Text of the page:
Yesterday at the National Prayer Breakfast (a concept/event that I can’t say I entirely understand), President Obama spoke about the state of religious liberty and freedom in the world, as well as commenting on the violence being carried out by numerous groups (specifically ISIL) citing religious motivations for their acts of inhumanity. (Here’s a write up about it with a video clip.) In his speech, he lamented the fact that such atrocities continue to be carried out in the name of religion, insisting that such actions are distortions and affronts to the true heart of religion. After condemning the kinds of atrocities currently being carried out by ISIL, he went on to remind us that such injustices do not belong exclusively to Islam.

Pictured: The French Toast that my imagination assumes was served.
Pictured: The French Toast that my imagination assumes was served.

Reminding us that such violence is not “unique to some other place” outside of America, he recalled that Christian history is full of violence carried out in the name of Christ, and he specifically decried the Crusades, slavery, and Jim Crow as examples of such instances. These comments were met with outrage and disgust by Christians accusing him of justifying Islamic terrorists in their actions and insulting Christianity in general.

The problem is not with one side or the other. The problem is that everybody is missing the point, and the whole National Prayer Breakfast situation is a microcosm of everything that’s wrong with everything in the way we talk about all of these things.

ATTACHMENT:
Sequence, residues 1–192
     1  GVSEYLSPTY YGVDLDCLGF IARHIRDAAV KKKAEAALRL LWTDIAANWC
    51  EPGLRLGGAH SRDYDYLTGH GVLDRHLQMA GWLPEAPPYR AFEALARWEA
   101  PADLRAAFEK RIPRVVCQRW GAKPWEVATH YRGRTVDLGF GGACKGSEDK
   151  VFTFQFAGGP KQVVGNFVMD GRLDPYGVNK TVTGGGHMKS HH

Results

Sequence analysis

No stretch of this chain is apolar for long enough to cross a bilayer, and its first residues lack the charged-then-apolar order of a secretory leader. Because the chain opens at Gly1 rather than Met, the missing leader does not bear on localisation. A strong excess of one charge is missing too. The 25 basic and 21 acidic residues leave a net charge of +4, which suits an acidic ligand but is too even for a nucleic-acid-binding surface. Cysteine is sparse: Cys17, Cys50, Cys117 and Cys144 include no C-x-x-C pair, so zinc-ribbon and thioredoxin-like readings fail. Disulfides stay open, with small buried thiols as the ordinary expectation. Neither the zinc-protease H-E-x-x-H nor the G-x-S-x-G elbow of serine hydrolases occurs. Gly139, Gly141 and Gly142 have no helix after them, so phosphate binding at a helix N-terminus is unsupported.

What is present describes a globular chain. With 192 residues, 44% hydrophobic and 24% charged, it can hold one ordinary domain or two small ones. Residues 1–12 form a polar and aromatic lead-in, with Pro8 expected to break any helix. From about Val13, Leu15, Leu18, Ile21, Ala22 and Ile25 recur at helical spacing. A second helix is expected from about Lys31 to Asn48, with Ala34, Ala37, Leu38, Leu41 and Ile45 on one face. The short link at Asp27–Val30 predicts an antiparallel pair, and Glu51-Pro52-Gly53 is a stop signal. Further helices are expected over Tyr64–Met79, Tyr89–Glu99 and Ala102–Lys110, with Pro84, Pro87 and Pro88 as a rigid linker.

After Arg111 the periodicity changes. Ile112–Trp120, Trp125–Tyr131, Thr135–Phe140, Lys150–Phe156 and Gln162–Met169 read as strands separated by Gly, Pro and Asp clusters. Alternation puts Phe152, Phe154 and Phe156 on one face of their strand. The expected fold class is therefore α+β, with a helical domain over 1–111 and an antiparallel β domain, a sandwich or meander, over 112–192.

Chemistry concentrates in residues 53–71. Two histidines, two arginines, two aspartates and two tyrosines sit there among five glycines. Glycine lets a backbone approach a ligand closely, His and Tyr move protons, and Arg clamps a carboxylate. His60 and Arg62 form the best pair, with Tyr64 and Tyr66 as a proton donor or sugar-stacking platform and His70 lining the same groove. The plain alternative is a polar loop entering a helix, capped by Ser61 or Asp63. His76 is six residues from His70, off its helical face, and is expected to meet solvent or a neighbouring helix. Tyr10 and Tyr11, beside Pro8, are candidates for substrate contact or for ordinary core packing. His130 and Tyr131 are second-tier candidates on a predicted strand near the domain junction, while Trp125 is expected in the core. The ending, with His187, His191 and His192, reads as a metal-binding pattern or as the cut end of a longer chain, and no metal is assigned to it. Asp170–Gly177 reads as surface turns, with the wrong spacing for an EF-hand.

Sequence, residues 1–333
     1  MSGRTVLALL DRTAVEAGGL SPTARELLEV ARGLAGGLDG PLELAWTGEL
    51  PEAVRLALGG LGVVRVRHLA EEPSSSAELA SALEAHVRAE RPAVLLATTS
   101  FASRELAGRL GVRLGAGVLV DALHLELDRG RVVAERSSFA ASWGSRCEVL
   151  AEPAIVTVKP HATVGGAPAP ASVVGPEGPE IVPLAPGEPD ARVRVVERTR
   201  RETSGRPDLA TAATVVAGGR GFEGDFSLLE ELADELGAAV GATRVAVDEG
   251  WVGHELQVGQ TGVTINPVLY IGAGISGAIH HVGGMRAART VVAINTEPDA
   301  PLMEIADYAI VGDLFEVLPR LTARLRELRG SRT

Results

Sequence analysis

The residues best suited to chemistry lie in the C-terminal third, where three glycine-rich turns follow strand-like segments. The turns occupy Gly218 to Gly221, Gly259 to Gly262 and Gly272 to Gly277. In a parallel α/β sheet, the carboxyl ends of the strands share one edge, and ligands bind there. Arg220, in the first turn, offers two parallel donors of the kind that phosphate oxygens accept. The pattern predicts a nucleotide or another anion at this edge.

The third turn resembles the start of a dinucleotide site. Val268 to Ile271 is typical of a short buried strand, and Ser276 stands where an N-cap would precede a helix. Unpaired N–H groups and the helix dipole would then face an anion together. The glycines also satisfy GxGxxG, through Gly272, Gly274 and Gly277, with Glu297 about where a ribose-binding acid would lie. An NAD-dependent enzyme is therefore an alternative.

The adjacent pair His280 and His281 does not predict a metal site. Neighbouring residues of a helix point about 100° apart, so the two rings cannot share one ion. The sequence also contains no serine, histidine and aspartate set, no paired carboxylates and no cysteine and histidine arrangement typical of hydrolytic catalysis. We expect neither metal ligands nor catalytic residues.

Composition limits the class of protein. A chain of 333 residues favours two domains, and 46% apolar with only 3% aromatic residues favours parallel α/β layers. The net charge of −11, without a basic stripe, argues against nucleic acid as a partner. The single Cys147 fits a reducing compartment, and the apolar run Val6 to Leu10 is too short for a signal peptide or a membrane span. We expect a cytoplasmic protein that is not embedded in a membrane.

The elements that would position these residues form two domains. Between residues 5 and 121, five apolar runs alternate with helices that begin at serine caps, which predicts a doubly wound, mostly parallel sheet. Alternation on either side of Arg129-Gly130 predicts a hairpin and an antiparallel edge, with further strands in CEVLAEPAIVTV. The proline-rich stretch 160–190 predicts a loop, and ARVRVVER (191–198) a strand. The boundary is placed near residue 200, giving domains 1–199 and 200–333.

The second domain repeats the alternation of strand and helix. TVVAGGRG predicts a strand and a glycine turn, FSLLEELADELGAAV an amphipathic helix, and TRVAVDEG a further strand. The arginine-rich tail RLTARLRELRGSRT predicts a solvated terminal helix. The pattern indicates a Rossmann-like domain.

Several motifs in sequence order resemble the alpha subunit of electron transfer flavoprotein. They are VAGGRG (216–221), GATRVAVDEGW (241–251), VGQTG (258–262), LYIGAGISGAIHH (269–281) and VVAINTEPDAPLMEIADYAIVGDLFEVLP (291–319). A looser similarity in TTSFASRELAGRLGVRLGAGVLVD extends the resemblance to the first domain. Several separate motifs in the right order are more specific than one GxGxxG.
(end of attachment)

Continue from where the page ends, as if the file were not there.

1) Nobody has ever done anything in the name of religion.
Nobody. Ever. Because “religion” is an abstract concept. No one has ever once committed a crime or an atrocity in the name of religion, because “religion” as such does not exist. The term is a construct of modernity, a kind of shorthand to refer to the widely varying systems of belief and cultural practices of peoples around the world. To say that something is done in the name of religion is to say absolutely nothing at all. People do not do things in the name of religion; people do things as a result of the way they construe the world and what they believe to be its ultimate realities. For the vast majority of people who have ever lived, such realities include some form of supernatural force or deity. But to say that religion is inherently violent or inherently peaceful is like saying that color is inherently red. Some colors are red. Some colors are not red. Some “religions” are violent–very violent. Some “religions” are peaceful. Some are neutral. Some are peaceful at their core but distorted in order to justify violence. The analogy isn’t perfect. But to say that “religion motivates” anything at all is to speak nonsense by turning a highly undefinable universal into a particular.

Think of it from a different angle. No one has ever carried out violence in the name of atheism (as atheist evangelists are wont to point out). That, too, is a meaningless statement. Of course no one has ever carried out violence in the name of atheism, because it is a neutral point of intellectual assent. But many people have carried out many atrocities as a result of godless ideologies. To say atheism is inherently violent or inherently peaceful is equally nonsensical as saying the same of religion. No one has ever killed in the name of religion. No one has ever loved in the name of religion. People kill and love based on what they believe deep down about the world and themselves, whether that belief system includes a deity or not.